Bruce Arnold

Critic of Public Affairs, writing about art, theatre, music and politics

Taoiseach must lead way if he wants us to pull together

Very few people in Ireland today are wallowing in anything at all, least of all a sea of doubt. People across the country are faced with hard realities. Job losses, mortgage debts, the dole queue, prices, loss of savings through the greed and ineptitude of others, reduction or total elimination of benefits, the spectre of gross wealth and greed being condoned while the numbers of those in poverty steadily rise.

This is the background to Brian Cowen's speech on Thursday. And while his remarks about the cohesive nature of our society, and the need for everyone to pull together, represented a valid proposal, it was so different from the way he has performed since coming to office as to be totally breath-taking.

He has been the arch-enemy of cooperation, cohesion, consensus and collective thinking on almost every issue, and almost every issue, as a result, has foundered. It began in the pre-Budget Cabinet discussions. These were lacking in thought and due process, as we saw, and resulted in part from the fact that experienced ministers were left out of the loop while an inexperienced leader and an inexperienced Finance Minister, and an even more inexperienced Tanaiste, made mistakes that were fairly catastrophic.

Cowen's handling of the social partnership as a mechanism for persuading the public service -- the one area of employment with security of tenure -- to take a cut in wages was inept, without any of the remedies he is now calling for.

Not alone that, the introduction of new levels of compulsory pension payments is really a sleight-of-hand, putting off rather than solving the problem. Furthermore, it has polarised those involved as well as leaving widespread dissatisfaction in those who are not within the charmed social partnership arrangement.

He has undermined self-belief by lack of example and by the unfair and misconceived remedies produced so far to cope with crisis issues, like the banks, as well as by failures to come forward with clear answers on other matters such as taxation and an alternative set of wage-cutting proposals.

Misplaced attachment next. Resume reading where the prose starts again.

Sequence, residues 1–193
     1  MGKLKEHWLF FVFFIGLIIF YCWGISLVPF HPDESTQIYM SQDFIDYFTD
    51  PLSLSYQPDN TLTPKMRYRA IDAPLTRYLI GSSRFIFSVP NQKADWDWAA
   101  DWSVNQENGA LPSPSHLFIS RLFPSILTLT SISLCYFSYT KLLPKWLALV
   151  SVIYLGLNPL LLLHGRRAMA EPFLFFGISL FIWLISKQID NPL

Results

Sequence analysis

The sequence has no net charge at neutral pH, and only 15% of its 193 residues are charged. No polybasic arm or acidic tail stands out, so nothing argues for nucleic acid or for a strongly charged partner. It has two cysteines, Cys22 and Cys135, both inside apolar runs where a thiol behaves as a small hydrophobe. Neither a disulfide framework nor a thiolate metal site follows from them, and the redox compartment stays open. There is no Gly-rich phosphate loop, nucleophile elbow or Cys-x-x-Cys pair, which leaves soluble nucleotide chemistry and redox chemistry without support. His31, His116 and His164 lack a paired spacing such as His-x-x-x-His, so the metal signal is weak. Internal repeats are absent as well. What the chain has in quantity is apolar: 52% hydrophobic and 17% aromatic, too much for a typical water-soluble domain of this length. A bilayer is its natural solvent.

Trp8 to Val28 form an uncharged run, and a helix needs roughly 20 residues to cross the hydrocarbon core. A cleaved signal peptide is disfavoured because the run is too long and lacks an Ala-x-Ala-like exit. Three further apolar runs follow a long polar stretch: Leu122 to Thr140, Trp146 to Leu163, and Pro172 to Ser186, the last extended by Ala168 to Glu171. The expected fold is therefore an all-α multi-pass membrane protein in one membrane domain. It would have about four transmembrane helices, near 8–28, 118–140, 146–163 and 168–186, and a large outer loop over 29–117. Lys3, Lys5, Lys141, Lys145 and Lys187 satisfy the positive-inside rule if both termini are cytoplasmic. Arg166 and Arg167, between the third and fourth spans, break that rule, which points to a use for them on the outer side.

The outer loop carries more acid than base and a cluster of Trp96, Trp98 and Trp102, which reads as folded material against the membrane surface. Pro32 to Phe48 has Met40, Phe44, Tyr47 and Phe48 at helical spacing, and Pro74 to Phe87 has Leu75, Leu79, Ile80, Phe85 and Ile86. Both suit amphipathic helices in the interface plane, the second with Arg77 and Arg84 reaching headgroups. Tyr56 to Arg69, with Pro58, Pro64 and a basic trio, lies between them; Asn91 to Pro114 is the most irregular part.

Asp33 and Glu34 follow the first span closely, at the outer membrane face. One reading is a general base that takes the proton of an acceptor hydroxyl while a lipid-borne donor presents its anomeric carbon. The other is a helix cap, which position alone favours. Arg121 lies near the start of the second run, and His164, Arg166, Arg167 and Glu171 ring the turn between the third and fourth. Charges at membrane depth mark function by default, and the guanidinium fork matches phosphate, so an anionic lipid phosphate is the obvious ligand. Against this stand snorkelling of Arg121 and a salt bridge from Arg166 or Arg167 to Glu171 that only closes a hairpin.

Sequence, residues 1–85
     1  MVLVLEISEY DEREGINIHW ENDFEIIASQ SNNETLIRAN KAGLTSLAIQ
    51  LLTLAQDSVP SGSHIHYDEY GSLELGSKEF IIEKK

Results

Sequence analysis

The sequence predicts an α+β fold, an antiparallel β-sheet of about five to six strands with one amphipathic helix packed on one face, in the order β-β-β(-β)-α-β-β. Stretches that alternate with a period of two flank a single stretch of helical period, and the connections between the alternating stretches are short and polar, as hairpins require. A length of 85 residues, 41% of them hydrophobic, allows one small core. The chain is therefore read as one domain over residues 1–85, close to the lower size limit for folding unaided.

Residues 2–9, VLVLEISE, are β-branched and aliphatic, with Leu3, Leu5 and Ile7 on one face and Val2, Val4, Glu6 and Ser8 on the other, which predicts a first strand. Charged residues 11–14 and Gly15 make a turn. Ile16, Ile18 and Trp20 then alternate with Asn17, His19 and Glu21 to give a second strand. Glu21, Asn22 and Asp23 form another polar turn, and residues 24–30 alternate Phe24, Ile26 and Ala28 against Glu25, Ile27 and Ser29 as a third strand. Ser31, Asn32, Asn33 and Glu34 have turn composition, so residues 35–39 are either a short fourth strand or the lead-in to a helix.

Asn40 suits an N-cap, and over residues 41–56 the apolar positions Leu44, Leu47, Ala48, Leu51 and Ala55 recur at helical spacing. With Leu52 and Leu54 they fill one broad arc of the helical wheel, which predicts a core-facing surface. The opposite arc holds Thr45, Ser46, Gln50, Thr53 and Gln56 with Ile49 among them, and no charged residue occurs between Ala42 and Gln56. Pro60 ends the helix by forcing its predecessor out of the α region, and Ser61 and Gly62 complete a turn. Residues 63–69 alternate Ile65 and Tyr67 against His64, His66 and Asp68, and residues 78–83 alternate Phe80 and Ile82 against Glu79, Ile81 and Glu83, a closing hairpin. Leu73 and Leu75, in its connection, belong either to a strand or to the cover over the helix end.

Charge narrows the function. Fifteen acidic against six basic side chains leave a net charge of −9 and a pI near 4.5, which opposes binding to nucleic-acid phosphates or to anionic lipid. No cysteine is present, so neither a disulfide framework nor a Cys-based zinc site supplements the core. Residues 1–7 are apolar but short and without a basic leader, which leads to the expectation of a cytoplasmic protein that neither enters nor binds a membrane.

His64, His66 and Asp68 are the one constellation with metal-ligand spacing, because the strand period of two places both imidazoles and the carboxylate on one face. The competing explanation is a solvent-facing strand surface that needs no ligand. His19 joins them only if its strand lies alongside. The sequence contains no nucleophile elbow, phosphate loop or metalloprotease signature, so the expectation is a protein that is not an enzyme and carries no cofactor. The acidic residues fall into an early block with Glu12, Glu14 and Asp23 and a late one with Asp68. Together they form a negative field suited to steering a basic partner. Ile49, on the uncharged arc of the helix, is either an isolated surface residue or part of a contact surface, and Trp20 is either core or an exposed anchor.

Most worrying of all, in respect of cohesion and pulling together, has been his attitude to the Dail and to half the people we elected to represent us and govern us. He does not respect the Oireachtas.
I have watched political leaders, from Eamon de Valera on, dealing with crisis situations over jobs, the economy, oil, inflation, corruption, international relations, the North and Europe. Rarely has there been a more disrespectful and gross denial of the requirements of our democracy than has been demonstrated by Brian Cowen.

By its many definitions and terms of reference, democracy is about consent. The Houses of the Oireachtas, under the Constitution, are supreme.

The bad habits of those in power have led to the Dail being sidelined. This was done with smooth, silken ease by Bertie Ahern. Cowen's approach is far more gross and insulting, the worst example of it being his declaration that he would deal with the economic crisis "his way", only to discover that his way did not work.

All of this must be taken in a very particular context: that, if Cowen means what he is saying, he has to demonstrate the fact beginning with the Dail. People are tired watching Richard Bruton enumerating proposals for months, even years, by Fine Gael, that have been ignored. The Labour Party has done the same. They are reluctant to trust Cowen when the weight of evidence is that he is deeply exclusive in the way he operates.

He has worries within his own party and within the Cabinet. Senior ministers have watched with growing alarm the shortcomings in his performance. He is leading his party towards three elections in early June, four months away. Doubts about his capacity to deliver any return to popularity for Fianna Fail are widespread. The question is undoubtedly being asked: Is he the right man to lead us then?
In the face of all this he set out a stall for leadership that included almost everything he has not done since becoming leader of his party.

To get the country pulling together will require persuasive argument and the amelioration of a deeply negative attitude towards him and his ministers by a public that feels it has been
robbed, or will be robbed in the near future, of wages, taxes, benefits, savings, or investments.
He has to convince us all that he actually understands the impact of the crisis and can make happen the tall order, contained in his speech, of "reverting to growth more quickly by sticking together as a community".

He can start this weekend by meeting with other leaders and proposing a new centralisation of power within the constitutional framework of our own democracy.

On jobs, he should recognise and act on the fact that our biggest single asset as a country, commercially, is our tourist industry. The Government structures for tourism management are miserably inadequate. It is an area of job creation that lies in our own hands. We do not need outside investment. We need energy, fair-dealing, the recovery of a unique commodity: Ireland, its beauty, its people and its way of life.

If Brian Cowen wants to get emotional about us all acting together, let him start by getting in touch with those people and their elected representatives. If he does not, why should we believe in anything else he says?